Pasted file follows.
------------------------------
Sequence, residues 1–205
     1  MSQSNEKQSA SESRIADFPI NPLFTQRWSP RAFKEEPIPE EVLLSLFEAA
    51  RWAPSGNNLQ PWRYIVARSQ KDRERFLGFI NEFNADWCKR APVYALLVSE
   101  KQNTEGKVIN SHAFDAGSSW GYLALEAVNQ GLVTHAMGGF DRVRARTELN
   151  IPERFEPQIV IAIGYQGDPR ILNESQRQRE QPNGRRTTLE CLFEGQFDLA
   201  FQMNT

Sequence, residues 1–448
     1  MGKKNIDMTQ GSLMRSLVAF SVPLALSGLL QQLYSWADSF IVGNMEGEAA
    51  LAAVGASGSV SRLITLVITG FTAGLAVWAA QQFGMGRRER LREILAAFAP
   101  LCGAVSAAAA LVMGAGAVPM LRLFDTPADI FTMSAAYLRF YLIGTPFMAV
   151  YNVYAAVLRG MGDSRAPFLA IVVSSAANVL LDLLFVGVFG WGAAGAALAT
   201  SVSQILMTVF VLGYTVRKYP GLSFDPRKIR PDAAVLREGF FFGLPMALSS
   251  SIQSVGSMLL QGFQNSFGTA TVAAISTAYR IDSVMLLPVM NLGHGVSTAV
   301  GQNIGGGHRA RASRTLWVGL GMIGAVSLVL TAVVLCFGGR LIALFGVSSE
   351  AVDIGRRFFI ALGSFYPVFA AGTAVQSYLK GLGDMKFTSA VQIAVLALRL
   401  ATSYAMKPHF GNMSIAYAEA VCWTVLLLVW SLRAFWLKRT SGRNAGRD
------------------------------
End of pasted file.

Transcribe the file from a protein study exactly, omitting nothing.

Sequence, residues 1–205
     1  MSQSNEKQSA SESRIADFPI NPLFTQRWSP RAFKEEPIPE EVLLSLFEAA
    51  RWAPSGNNLQ PWRYIVARSQ KDRERFLGFI NEFNADWCKR APVYALLVSE
   101  KQNTEGKVIN SHAFDAGSSW GYLALEAVNQ GLVTHAMGGF DRVRARTELN
   151  IPERFEPQIV IAIGYQGDPR ILNESQRQRE QPNGRRTTLE CLFEGQFDLA
   201  FQMNT

Sequence, residues 1–448
     1  MGKKNIDMTQ GSLMRSLVAF SVPLALSGLL QQLYSWADSF IVGNMEGEAA
    51  LAAVGASGSV SRLITLVITG FTAGLAVWAA QQFGMGRRER LREILAAFAP
   101  LCGAVSAAAA LVMGAGAVPM LRLFDTPADI FTMSAAYLRF YLIGTPFMAV
   151  YNVYAAVLRG MGDSRAPFLA IVVSSAANVL LDLLFVGVFG WGAAGAALAT
   201  SVSQILMTVF VLGYTVRKYP GLSFDPRKIR PDAAVLREGF FFGLPMALSS
   251  SIQSVGSMLL QGFQNSFGTA TVAAISTAYR IDSVMLLPVM NLGHGVSTAV
   301  GQNIGGGHRA RASRTLWVGL GMIGAVSLVL TAVVLCFGGR LIALFGVSSE
   351  AVDIGRRFFI ALGSFYPVFA AGTAVQSYLK GLGDMKFTSA VQIAVLALRL
   401  ATSYAMKPHF GNMSIAYAEA VCWTVLLLVW SLRAFWLKRT SGRNAGRD